School choice is front and center in the national debate on K-12 education in the United States. Secretary of Education Betsy DeVos has proposed to spend over $1 billion to expand school choice. DeVos has criticized the traditional public school system, referring to it as a monopoly, and has worked to expand school choice and charter schools in her home state of Michigan (Strauss 2017). Critics of school choice are wary of the privatization of schools and worry that school choice and charter programs harm traditional public schools and the children who attend them. The issue of school choice (and charter schools) remains highly politicized, with each side holding strongly to its views. Given several decades of experience with school choice and charter schools, can we assess the accuracy of some of the arguments in favor of and against school choice and charter schools? Further, how does the experiment with choice and charter schools inform our understanding of competition in non market environments?
Milton Friedman is often credited as beginning the national conversation around school choice with his 1955 essay, "The Role of Government in Education." Friedman posits that significant "neighborhood effects" warrant "each child to receive a minimum amount of education of a specified kind" (par. 6). These neighborhood effects, or positive externalities, exist because not only do the child and the parents receive the benefit of the child's education, but so do other members of society. As he states, "A stable and democratic society is impossible without widespread acceptance of some common set of values and without a minimum degree of literacy and knowledge on the part of most citizens" (par. 5). According to Friedman, government may therefore mandate some basic level of education. Such a requirement, however, would burden families financially. Therefore, Friedman proposes the use of government financial resources (i.e., tax revenues) to support primary and secondary education.
Government provision, or the use of tax revenues to provide education, however, does not necessarily imply government production, or what Friedman calls the "nationalization" of education. (1) Another option, which Friedman describes, is the voucher system.
Governments could require a minimum level of education which they could finance by giving parents vouchers redeemable for a specified maximum sum per child per year if spent on 'approved' educational services. Parents would then be free to spend this sum and any additional sum on purchasing educational services from an 'approved' institution of their own choice. The educational services could be rendered by private enterprises operated for profit, or by non-profit institutions of various kinds. The role of the government would be limited to assuring that the schools met certain minimum standards such as the inclusion of a minimum common content in their programs, much as it now inspects restaurants to assure that they maintain minimum sanitary standards (par. 11). The status quo is that a child is assigned to a school based on where the child lives. In many cases, in order to change schools, parents must change their residence. Private schools are available, but at an additional cost. The key benefit of the voucher system is to give parents the opportunity to send their child to a wider range of schools, expanding the available choices. Friedman's argument in favor of vouchers and allowing private enterprise to produce education (with government ensuring that the schools meet certain minimum standards) ( 2002, p. 89) is centered on the value of freedom of choice.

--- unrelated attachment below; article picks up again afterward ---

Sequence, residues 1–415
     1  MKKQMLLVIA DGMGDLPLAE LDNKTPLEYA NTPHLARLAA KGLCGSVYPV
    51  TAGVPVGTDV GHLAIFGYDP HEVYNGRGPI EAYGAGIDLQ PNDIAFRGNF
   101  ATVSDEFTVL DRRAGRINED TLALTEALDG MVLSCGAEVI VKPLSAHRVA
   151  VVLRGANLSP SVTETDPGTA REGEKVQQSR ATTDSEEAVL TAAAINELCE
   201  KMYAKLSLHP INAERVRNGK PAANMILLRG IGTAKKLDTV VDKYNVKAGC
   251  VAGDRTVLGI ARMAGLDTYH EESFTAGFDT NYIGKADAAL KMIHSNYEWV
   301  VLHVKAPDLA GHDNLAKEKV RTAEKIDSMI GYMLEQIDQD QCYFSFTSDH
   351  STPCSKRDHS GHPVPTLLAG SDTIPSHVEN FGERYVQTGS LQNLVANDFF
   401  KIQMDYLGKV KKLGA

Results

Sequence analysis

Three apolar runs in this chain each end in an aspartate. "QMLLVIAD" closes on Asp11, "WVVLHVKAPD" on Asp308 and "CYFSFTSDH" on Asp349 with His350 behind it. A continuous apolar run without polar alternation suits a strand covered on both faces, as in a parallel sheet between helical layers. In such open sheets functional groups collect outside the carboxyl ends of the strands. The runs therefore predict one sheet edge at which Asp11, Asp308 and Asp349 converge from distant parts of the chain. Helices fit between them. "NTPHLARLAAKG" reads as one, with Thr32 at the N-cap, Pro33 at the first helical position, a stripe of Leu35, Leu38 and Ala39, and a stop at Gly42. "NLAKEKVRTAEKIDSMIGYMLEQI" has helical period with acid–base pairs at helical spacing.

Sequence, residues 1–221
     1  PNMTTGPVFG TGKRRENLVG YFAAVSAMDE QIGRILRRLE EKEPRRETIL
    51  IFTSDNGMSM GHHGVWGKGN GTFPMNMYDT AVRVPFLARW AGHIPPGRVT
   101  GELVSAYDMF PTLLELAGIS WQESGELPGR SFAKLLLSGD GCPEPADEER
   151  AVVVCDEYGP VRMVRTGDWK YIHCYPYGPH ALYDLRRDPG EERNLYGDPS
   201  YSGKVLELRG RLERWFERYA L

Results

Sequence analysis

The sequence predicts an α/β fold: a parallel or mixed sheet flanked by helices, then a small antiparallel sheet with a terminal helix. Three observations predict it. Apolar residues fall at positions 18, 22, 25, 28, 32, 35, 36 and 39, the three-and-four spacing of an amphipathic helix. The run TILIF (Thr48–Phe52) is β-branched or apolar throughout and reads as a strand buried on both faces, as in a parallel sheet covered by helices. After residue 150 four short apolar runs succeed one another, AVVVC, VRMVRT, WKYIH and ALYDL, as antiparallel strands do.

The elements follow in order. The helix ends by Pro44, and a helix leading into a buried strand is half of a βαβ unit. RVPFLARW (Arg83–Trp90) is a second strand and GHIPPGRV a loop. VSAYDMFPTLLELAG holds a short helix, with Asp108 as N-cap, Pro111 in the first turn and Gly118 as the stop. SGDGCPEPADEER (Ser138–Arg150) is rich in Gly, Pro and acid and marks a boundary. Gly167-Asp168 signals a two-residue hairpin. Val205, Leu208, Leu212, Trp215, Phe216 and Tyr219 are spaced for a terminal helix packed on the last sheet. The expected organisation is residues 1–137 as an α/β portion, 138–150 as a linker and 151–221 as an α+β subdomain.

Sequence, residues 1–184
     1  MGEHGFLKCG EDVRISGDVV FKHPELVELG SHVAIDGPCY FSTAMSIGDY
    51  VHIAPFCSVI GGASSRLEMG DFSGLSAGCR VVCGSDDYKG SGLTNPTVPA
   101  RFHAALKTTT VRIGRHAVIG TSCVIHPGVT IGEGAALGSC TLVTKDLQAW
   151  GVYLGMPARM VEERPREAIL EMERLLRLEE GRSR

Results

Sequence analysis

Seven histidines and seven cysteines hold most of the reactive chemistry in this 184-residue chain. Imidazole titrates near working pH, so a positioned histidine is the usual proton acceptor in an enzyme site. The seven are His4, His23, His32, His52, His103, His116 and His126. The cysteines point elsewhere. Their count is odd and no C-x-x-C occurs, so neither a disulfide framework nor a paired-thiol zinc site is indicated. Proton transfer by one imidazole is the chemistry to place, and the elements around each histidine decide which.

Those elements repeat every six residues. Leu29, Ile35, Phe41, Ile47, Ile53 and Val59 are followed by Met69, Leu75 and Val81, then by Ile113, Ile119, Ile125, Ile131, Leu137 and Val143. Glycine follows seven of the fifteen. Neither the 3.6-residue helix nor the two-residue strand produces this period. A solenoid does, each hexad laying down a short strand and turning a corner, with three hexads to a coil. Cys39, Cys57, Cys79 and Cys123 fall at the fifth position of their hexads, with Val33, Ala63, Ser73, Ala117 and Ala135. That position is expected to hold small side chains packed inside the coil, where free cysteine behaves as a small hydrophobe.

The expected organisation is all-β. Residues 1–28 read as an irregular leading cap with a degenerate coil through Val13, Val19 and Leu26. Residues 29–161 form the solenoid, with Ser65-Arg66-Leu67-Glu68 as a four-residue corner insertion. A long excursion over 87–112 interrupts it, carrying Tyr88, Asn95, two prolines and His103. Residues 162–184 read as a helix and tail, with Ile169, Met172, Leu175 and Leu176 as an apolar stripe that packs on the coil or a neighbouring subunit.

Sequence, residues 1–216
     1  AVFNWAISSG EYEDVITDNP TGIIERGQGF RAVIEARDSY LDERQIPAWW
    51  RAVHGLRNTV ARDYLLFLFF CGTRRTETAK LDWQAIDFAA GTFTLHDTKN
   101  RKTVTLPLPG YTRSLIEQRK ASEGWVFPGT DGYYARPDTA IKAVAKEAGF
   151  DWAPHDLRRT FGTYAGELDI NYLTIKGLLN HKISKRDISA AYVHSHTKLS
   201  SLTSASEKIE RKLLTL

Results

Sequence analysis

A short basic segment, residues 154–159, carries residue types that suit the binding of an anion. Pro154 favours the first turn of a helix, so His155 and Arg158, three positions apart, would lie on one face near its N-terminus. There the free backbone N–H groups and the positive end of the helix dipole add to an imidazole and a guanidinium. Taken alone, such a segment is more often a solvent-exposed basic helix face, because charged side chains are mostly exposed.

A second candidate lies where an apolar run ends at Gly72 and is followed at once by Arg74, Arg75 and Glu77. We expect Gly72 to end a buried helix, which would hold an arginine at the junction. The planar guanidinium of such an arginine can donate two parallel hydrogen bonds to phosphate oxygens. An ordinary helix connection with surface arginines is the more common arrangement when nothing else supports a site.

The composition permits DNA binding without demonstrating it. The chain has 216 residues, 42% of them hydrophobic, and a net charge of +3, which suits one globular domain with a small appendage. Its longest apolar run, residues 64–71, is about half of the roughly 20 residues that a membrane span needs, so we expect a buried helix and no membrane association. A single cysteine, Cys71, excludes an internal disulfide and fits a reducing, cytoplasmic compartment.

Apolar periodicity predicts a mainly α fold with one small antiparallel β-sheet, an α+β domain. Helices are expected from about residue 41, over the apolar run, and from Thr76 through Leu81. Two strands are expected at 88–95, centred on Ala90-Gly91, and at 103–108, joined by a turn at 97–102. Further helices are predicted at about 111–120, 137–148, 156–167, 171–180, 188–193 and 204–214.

In the decades following, school choice and charter programs were implemented across the country. School choice is designed to offer a voucher for students to attend private schools (including religious schools); most charter schools are public schools with higher levels of autonomy (see the distinctions across these school types in table 1). Researchers have attempted to evaluate the impact of school choice and charter schools by engaging with a range of research questions. For example, do students who attend school choice and charter schools perform better than students at traditional public schools? Or, do all students--across all school types-experience the benefits of competition? Do school choice and charter schools lead to a diversity of curricula and spur innovation in education? Do school choice and charter schools result in cream skimming, where the highest-achieving students move to one school and leave lower-achieving students behind? We address these key questions in section 3, where we summarize the findings in the literature on school choice and charter schools.
Several studies have summarized the arguments and findings on school choice, charter schools, and student achievement (measured in various ways) (Gill et al. 2001; Enlow and Ealy 2006; Rouse and Barrow 2008; Hess 2010). Hess provides an accessible history of the debate and highlights several major contributions of the last two decades. Enlow and Ealy's edited book addresses key questions within Friedman's argument and features a range of experts on school choice.